As a reference, Mexico officially estimates that it discharges 44,000 tonnes of methane annually from marine facilities. In other words, only this would result in almost all the annual estimates of these, and we know that since then they have had other ultra-emissions.

Now, the Mexican Government has envisaged drastic measures to sanction the company and resolve once and for all the problems that are taking place on the platform. Recently, these measures were unimaginable.

So what about the future?
This technology is so new that almost everything is yet to be investigated. The examples above are only the principle.

In the coming years, better satellites created specifically for the detection of methane and other greenhouse gases will be launched into orbit (those currently in operation are able to see very high methane emissions, but were not built for this purpose), which will allow us to locate thousands of unknown sources today. Knowledge of specific sources of methane of human origin will make it possible to implement effective emission cutting measures and clarify the actual proportion of emissions for each sector.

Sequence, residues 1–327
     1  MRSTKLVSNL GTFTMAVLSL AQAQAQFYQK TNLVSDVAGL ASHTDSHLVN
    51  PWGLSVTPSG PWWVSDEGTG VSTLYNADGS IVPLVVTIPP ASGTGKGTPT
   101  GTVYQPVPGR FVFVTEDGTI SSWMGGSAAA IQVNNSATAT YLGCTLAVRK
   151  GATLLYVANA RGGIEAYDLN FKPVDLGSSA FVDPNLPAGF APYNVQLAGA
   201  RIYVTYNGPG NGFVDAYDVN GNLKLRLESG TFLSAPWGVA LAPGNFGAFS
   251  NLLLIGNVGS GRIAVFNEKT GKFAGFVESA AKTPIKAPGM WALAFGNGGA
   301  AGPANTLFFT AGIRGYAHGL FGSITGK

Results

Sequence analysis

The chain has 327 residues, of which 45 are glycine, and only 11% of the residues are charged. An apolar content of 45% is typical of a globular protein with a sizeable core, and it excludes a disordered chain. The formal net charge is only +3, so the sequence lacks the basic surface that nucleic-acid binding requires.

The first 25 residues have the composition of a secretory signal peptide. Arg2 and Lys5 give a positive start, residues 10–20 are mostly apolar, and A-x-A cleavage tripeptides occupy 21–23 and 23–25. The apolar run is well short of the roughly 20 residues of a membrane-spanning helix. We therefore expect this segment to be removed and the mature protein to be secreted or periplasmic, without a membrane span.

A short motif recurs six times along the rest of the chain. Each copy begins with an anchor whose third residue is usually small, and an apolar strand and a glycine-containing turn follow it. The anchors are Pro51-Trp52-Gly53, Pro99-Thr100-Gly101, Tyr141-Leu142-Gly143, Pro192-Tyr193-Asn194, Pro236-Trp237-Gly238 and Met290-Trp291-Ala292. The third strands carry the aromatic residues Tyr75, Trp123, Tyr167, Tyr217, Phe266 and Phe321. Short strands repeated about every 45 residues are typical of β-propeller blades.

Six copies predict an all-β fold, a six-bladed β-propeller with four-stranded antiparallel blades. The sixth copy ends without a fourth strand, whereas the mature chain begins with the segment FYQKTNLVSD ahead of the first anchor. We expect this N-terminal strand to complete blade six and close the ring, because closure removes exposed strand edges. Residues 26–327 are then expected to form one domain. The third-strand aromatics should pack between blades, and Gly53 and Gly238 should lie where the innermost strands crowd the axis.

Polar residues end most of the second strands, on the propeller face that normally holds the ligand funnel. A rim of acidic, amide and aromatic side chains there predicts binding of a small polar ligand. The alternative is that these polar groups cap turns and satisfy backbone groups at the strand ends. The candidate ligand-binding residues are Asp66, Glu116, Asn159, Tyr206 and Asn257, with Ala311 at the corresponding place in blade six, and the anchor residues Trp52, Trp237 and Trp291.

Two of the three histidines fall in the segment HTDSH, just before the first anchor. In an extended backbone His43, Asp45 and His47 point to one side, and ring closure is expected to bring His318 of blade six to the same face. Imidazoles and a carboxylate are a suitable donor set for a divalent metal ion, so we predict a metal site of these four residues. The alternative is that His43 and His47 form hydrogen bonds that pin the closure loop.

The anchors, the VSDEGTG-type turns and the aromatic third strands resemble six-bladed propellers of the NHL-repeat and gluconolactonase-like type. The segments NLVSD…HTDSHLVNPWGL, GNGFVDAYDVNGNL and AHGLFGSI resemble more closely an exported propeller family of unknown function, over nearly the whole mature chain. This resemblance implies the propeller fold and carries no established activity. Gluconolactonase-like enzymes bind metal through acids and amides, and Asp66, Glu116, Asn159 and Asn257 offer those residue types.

In this state of weather emergency, climate offers an alternative that we cannot allow the passage of identifying and repairing methane sources. It is estimated that a 40-45 per cent reduction in fossil fuel-associated methane emissions would avoid an increase of almost 0.3 °C by 2045, and would complement long-term climate change mitigation efforts.

To realize these cuts, the United Nations has launched the International Methane Emissions Observatory (IMEO). One of the objectives of this project is to join countries around the world in the Global Methane Pledge agreement, which has already signed more than 120 countries representing 70% of the world economy, which sets out a commitment to reduce methane emissions, as well as to launch projects to identify and stop as many global methane sources as possible, including a project to generate satellite alerts. The ultimate objective is to stop all discharges of human origin that can be avoided.

If the objectives of the IMEO programme were to be achieved efficiently and at the same time a strong transition to renewable energy was achieved, I would like to say that in 50 years' time my research area would be in danger of being lost as it would not be necessary to detect emissions of methane from human origin.

However, just as satellite observation is almost infinite, the problems and unknowns that exist and will occur on planet Earth will probably remain unlimited, so I am sure there is still a working time.

Eusko Jaurlaritzako Industria, Merkataritza eta Turismo Saila